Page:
On the other hand, Dr. Aaron Jones, an American plastic surgeon, boldly proclaimed himself an artist in a 2012 article. However, Dr. Celikkaya views such a self-proclamation as arrogant and dangerous, particularly in the context of creating results that defy existing beauty norms. The plastic surgeon responsible for crafting the Kardashian look, Dr. Garth Fisher, falls into this category, drawing criticism from Dr. Celikkaya. He argues that the illusion of artistic freedom in plastic surgery can be harmful, as it not only jeopardizes individual health but also has a responsibility to protect social aesthetic norms and rules. Driven by technological advancements, plastic surgery has facilitated even the most radical body transformations, influencing our perception of a “normal” body through its portrayal on social media. Countless young individuals perceive these artificial bodies as achievable and beautiful, altering their ideals of beauty.
The Impact of Body Modifications: But what about body modifications intended to challenge conventional beauty norms? ORLAN’s art explores the notion of anti-beauty as a form of social commentary. In her piece “The Madness of Seeing,” she deliberately deforms herself in order to recreate herself, delving into meta-meta-meta territory. According to ORLAN, both versions of herself—the pre-surgery and post-surgery—exist as the same person, yet they coexist in our memories. This brings to mind the philosophical puzzle of the ship of Theseus: How many parts of a person can be replaced before they can no longer be considered the same person? There is no definitive answer to this question, but ORLAN’s art raises a fundamental query: To what extent does our physical body define our identity?
The book “ORLAN: A Hybrid Body of Artworks” explores the connection between body modifications and self-determination. In her artwork “ORLAN Gives Birth to Herself,” she embraces newfound freedom through technology. She writes, “To place oneself outside of oneself [in order] to become oneself.” In this context, plastic surgery can be seen as the purest form of self-expression. Since the advent of plastic surgery, our values, personalities, status, and ideals have been reflected in our physical bodies. We become both artist and artwork, continuously reinventing ourselves. ORLAN explains, “I have made myself both an object and a subject: I have searched for a certain flexibility in identity in order to reinvent myself.”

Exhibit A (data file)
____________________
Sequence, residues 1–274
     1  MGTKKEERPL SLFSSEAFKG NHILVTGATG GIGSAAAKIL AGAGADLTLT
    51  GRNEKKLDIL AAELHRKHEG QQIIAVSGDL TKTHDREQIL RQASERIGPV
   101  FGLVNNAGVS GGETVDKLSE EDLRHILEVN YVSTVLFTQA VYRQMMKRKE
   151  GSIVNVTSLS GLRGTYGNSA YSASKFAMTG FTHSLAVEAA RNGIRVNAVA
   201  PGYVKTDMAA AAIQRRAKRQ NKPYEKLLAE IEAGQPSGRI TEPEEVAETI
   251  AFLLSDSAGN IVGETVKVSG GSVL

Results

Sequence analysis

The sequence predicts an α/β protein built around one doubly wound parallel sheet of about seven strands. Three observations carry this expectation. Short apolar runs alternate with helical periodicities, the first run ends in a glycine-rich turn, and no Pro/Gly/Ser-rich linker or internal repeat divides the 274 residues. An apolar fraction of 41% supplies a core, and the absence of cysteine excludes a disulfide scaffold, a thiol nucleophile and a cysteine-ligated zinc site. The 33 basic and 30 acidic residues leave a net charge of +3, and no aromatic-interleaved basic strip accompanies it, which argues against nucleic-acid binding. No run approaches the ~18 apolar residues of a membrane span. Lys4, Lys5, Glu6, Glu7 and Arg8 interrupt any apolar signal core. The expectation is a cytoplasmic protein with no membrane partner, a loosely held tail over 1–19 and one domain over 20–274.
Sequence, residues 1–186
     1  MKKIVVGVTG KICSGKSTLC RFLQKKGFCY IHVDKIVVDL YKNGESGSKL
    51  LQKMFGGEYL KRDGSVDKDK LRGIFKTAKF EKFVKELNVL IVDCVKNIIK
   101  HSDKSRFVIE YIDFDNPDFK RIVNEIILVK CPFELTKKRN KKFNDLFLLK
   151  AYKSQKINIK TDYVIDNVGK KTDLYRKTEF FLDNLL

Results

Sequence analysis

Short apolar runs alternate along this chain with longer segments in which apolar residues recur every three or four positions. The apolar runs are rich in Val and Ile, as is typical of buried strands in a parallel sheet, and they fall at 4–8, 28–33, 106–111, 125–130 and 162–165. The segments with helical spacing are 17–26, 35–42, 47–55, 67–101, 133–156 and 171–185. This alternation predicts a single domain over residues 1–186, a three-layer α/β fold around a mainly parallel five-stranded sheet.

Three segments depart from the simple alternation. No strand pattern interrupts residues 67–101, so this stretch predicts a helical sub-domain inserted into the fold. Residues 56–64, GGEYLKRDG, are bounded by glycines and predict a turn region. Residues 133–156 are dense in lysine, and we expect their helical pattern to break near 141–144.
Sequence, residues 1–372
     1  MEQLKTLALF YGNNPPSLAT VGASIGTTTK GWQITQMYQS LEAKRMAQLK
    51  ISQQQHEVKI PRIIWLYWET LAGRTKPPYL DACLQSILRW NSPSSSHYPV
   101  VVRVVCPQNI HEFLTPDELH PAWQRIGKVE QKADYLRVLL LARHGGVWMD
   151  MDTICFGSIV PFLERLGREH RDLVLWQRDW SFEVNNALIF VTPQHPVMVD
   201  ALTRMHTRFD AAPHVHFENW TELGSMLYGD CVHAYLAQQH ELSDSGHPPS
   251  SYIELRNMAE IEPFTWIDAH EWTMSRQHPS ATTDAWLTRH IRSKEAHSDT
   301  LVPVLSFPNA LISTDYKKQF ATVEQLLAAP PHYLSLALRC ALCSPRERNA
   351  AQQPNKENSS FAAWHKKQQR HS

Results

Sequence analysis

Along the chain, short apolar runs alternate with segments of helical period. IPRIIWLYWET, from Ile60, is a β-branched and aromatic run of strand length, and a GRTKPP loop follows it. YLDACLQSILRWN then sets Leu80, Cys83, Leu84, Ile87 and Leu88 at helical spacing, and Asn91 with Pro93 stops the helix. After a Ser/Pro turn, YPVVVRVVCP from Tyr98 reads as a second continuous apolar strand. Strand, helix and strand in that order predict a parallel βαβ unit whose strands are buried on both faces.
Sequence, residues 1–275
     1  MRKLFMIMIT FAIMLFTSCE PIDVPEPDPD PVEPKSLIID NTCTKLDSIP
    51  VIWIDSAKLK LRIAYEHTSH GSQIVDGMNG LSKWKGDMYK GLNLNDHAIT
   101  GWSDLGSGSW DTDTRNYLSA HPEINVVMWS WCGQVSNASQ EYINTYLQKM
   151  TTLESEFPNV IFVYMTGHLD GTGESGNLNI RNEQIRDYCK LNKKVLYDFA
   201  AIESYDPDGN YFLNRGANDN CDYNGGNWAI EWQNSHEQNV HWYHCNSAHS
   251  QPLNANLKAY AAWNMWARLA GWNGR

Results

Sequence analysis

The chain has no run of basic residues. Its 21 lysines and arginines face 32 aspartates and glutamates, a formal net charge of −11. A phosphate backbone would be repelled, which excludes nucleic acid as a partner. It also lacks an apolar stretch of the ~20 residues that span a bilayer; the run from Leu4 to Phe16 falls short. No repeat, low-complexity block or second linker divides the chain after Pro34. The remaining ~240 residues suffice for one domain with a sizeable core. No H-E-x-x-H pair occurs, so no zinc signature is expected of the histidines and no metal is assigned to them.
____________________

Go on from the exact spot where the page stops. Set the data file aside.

While the Kardashian-Jenners may not explicitly make such statements, they undeniably represent a new era of bodies. Whether we appreciate it or not, their extraordinary and unique abnormalities appeal to us. In the eyes of plastic surgeon Dr. Kemal Celikkaya, their avant-garde nature exceeds what we typically recognize as artists. Their unconventional transformations challenge societal norms and redefine beauty standards.
That being said the Kardashian-Jenner clan sparks ongoing discussions about the boundaries between reality and artifice. They blur the lines between natural and artificial beauty, leaving us questioning what truly defines art and where plastic surgery fits into that definition. While some plastic surgeons view themselves as artisans constrained by the responsibility to protect societal norms, others boldly claim the title of artist, pushing the boundaries of existing beauty ideals. The Kardashian-Jenners, regardless of our personal opinions, serve as catalysts for the exploration of the intersection between art, identity, and the ever-evolving concept of beauty in our modern world.